-- Matt G., Rusk, Texas
There are always teams that need catchers, and this offseason the Yankees and the Pirates are prominent among them. So are the Astros, who need a part-time catcher who can also play first and be used at designated hitter. They seem to have a spot tailor-made for Napoli. But Napoli is likely seeking a multi-year deal worth $10-12 million annually, and the Rangers aren't particularly eager to do that. They would like Napoli back under their terms and it remains a possibility.
The one drawback for Napoli is fighting the perception that he can't be an everyday catcher worth his possible asking price. Some teams like the White Sox are not convinced he is capable of handling the full-time demands of the position.
What would it take to get a catcher from the Blue Jays and which one would the Rangers want: J.P. Arencibia or Travis d'Arnaud?
-- Craig P., Lawton, Okla.
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The Rangers would definitely prefer d'Arnaud. Arencibia, who turns 27 in January, has some power but hit .233 last season and also walked 18 times against 108 strikeouts in just 347 at-bats. The Blue Jays want starting pitching, but you don't give up Derek Holland or Alexi Ogando for that. d'Arnaud is considered a top prospect, kind of like Jurickson Profar. The Blue Jays need a second baseman, the question is if either team has the stomach to make a one-on-one exchange of top prospects.
Though highly touted and talented, Profar and Mike Olt have yet to play a game at Triple-A. So why is it assumed that they should be in the big leagues next year?
-- Pablo G., Irving, Texas
Good point. Don Baylor was the Minor League Player of the Year at Triple-A Rochester in 1970 when he hit .327 with 22 home runs and 107 RBIs. But the Orioles had no room at the big league level so he spent the entire '71 season at Rochester. Sandy Alomar Jr. was two-time Minor League Player of the Year with the Padres because he was stuck behind Benito Santiago. There is absolutely nothing wrong with the Rangers deciding that they don't have room at the big league level and that their top two prospects must at least start the season at Triple-A Round Rock.
What is the possibility that Robbie Ross will be given a shot this spring at making the starting rotation?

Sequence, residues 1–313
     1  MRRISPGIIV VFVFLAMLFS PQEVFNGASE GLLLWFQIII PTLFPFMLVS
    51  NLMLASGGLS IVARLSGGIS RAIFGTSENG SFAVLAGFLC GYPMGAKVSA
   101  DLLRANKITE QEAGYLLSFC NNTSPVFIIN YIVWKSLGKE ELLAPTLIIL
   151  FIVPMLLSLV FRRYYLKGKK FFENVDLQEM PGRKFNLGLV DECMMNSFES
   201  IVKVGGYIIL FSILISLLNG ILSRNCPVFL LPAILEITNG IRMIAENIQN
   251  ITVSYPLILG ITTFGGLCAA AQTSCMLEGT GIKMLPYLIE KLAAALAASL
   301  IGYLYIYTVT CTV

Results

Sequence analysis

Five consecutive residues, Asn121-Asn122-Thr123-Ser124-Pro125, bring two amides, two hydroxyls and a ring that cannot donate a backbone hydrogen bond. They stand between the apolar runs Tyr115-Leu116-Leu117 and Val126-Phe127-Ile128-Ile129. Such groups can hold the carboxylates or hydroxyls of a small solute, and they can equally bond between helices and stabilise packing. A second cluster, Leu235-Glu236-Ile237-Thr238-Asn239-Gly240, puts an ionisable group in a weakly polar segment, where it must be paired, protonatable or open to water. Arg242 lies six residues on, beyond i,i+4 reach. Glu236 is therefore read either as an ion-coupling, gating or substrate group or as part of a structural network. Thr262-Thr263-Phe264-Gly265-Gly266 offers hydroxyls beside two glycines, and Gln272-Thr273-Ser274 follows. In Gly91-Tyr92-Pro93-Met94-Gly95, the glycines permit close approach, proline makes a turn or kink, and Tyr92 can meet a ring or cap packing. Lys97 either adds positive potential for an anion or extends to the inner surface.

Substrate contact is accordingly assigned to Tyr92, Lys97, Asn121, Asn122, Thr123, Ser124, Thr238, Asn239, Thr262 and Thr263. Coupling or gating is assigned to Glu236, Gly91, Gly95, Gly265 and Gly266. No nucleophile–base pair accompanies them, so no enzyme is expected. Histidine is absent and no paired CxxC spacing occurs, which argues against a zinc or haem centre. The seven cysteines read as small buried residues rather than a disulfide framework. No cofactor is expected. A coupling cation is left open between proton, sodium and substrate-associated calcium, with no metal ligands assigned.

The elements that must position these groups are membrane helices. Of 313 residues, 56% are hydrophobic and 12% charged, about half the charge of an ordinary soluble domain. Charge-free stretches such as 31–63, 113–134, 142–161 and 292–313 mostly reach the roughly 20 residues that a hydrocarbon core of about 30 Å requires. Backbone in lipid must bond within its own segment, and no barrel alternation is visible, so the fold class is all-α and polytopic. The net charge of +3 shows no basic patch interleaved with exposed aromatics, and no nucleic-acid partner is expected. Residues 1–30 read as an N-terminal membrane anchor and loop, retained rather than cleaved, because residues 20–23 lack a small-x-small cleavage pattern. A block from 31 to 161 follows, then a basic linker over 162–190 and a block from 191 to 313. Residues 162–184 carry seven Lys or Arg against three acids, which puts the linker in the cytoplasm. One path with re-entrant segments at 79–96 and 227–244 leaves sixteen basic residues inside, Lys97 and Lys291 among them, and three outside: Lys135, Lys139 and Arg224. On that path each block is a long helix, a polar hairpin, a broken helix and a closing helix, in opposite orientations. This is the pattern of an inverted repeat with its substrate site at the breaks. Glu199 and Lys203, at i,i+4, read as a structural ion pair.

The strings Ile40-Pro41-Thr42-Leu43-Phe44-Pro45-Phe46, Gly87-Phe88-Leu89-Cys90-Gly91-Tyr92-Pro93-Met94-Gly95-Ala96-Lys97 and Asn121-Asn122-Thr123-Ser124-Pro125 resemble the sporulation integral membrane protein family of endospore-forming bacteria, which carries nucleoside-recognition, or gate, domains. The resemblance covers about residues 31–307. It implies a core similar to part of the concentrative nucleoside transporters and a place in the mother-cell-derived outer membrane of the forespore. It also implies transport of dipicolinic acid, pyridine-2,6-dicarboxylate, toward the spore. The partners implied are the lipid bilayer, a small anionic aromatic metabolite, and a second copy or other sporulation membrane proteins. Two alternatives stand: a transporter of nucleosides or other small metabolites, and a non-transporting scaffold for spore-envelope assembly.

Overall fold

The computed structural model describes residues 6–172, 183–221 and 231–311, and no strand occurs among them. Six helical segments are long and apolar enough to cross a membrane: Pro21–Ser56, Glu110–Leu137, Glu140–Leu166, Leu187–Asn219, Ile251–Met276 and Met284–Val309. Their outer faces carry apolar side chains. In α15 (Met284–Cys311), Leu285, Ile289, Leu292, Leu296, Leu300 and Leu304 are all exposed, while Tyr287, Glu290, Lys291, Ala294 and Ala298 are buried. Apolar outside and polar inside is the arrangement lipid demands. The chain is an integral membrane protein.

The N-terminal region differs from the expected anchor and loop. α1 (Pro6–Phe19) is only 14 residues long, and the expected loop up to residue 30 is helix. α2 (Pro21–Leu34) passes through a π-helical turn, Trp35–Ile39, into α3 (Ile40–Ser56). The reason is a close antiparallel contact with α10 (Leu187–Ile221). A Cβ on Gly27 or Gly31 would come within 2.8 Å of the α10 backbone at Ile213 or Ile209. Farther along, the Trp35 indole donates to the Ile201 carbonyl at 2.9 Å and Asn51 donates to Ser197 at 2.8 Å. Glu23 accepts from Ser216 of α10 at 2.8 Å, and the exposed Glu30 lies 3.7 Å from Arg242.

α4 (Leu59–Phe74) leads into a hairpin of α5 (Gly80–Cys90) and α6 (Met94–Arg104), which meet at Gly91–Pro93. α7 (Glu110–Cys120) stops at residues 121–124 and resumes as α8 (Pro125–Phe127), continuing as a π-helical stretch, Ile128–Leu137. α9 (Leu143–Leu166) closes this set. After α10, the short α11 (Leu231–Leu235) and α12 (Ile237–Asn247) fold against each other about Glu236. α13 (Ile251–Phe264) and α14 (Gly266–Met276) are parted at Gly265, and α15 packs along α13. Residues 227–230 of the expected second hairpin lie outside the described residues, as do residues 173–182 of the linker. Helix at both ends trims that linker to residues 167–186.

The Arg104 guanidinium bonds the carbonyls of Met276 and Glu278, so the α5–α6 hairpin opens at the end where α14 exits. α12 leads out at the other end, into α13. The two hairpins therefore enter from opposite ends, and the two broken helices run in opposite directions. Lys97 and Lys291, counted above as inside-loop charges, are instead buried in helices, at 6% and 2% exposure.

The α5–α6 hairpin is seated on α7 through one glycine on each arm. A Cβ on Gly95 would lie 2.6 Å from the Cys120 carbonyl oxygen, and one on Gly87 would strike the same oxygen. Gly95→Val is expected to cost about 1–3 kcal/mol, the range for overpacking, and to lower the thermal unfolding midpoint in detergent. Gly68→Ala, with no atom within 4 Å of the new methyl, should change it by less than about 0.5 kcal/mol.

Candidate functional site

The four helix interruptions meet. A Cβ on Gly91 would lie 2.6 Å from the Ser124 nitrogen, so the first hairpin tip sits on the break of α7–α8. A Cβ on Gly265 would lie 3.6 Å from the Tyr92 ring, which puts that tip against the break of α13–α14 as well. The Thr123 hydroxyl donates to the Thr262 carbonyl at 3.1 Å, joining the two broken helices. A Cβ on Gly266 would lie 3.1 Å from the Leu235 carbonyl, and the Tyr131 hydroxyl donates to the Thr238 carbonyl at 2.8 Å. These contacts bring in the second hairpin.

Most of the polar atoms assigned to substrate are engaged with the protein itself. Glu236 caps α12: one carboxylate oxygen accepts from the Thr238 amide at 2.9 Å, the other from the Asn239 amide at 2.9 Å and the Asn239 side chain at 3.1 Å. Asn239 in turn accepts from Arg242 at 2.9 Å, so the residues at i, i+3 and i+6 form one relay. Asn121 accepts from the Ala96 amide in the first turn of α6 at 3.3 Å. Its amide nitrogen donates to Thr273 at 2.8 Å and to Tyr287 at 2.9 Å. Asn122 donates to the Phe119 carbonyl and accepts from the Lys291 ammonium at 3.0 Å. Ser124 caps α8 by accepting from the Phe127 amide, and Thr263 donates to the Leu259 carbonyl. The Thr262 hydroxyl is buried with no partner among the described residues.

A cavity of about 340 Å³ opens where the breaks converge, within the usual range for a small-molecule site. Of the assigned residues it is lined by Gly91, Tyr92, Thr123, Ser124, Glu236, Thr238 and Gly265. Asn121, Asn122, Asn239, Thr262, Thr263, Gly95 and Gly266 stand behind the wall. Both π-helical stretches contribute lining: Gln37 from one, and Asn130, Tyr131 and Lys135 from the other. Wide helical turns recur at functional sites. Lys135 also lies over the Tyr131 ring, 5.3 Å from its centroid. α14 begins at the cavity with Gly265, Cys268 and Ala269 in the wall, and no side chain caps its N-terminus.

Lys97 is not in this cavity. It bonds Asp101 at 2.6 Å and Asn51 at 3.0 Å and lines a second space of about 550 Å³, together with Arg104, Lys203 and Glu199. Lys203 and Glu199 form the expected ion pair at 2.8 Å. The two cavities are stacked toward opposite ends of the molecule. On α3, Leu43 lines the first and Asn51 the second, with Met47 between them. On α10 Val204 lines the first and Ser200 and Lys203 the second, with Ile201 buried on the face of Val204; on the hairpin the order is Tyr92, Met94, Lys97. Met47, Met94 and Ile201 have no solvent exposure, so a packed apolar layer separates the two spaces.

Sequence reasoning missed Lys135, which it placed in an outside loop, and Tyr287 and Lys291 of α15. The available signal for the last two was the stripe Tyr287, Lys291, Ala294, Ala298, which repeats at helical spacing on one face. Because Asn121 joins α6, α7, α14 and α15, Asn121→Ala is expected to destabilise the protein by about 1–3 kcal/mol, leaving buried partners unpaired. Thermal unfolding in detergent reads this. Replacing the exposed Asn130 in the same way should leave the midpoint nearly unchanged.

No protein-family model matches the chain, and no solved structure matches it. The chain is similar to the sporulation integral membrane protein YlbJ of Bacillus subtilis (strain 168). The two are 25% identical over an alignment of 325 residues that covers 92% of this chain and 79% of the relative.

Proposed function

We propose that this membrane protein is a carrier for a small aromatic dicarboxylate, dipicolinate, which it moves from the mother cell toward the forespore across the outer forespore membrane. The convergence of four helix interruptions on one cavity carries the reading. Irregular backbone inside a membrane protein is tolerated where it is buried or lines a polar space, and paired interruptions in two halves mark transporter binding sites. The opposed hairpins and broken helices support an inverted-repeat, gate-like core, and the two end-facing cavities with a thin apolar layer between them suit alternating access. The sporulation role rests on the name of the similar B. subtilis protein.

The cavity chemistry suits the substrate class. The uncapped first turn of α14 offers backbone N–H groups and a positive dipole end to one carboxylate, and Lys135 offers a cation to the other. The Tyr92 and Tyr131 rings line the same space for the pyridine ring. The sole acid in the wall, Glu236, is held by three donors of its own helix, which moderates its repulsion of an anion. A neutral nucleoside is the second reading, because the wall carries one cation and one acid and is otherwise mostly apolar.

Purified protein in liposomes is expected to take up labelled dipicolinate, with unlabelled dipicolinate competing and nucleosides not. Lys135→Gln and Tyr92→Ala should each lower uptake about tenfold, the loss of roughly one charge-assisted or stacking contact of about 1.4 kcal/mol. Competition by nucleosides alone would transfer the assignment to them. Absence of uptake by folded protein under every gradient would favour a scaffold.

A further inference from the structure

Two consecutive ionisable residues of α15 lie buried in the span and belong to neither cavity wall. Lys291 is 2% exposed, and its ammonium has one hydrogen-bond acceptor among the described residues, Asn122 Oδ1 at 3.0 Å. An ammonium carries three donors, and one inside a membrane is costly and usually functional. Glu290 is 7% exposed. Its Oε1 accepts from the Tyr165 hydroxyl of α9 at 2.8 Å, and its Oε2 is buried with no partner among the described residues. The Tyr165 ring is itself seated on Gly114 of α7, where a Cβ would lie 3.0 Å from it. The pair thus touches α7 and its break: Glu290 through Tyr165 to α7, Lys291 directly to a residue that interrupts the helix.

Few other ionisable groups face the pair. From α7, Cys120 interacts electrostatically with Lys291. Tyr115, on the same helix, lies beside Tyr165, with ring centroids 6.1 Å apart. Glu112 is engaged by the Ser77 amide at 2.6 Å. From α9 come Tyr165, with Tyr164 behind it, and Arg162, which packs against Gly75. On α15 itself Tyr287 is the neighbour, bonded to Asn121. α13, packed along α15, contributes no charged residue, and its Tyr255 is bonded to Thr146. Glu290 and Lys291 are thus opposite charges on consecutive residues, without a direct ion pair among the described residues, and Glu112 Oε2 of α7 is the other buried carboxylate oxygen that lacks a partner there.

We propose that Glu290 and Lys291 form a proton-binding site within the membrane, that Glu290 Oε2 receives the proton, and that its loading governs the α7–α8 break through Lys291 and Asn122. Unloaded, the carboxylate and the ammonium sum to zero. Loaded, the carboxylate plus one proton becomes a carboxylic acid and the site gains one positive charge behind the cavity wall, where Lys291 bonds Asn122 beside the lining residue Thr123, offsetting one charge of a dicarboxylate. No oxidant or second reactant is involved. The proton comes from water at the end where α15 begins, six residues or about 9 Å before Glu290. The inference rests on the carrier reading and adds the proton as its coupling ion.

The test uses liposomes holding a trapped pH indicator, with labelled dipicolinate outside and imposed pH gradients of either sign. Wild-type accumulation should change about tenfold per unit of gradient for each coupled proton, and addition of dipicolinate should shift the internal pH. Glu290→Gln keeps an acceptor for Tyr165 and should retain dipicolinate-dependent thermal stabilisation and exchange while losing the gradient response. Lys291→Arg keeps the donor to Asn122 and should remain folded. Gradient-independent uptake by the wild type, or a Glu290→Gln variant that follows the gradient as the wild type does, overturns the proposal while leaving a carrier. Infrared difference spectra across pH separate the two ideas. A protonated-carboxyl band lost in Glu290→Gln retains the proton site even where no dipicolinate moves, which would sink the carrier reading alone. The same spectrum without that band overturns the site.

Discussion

-- Ed H., McKinney, Texas
There are some that thought Ross should have gone to the rotation this summer when the Rangers got hit hard by injuries. Now that Ogando is going into the rotation, the Rangers will likely want to keep Ross in the bullpen, especially since they need left-handed relief. But it is an option that the Rangers have considered and may again in the future.
Why is the relationship between Josh Hamilton and the Rangers' front office so fraught? The entire team had a bad October.
-- Jaime G., Universal City, Texas
There does appear to be some unfortunate displaced aggression. The Rangers did not achieve their stated goal and it seems necessary to point the finger somewhere rather than acknowledge the obvious tremendous contributions. Hamilton is a great player with some obvious flaws and the time he missed in September because of his vision issues certainly rankled some. But it really comes down to the obvious. Hamilton is looking for a huge deal reflective of his talents and the Rangers aren't certain they want to go there. Both sides have their own goals and there likely won't be a convergence of interests.
Would the Rangers consider looking at options like Joakim Soria for the bullpen? With the losses to the bullpen, Soria would be a great guy to have in front of Joe Nathan, assuming he returns to form after Tommy John surgery.
-- Brad M., Abilene, Texas
Soria could be a terrific setup reliever if he does come all the way back from Tommy John surgery. He has always been a closer and may prefer to find a team willing to give him that role. But if he is willing to be a setup reliever, perhaps for one year, the Rangers certainly have to include him on their list.
If the Rangers do let Hamilton go, what about going after Torii Hunter for center field? He lives in Dallas, has a strong bat and can play the outfield better than most.
-- Janet M., Kilgore, Texas
Hunter is 37 and hasn't played center field regularly in two years. The Rangers need a center fielder. That said, Hunter certainly could be intriguing. Even at 37 he might be better defensively than some in center, possibly in a rotation with David Murphy and Leonys Martin. Hunter hits right-handed, while those other two are left-handed hitters.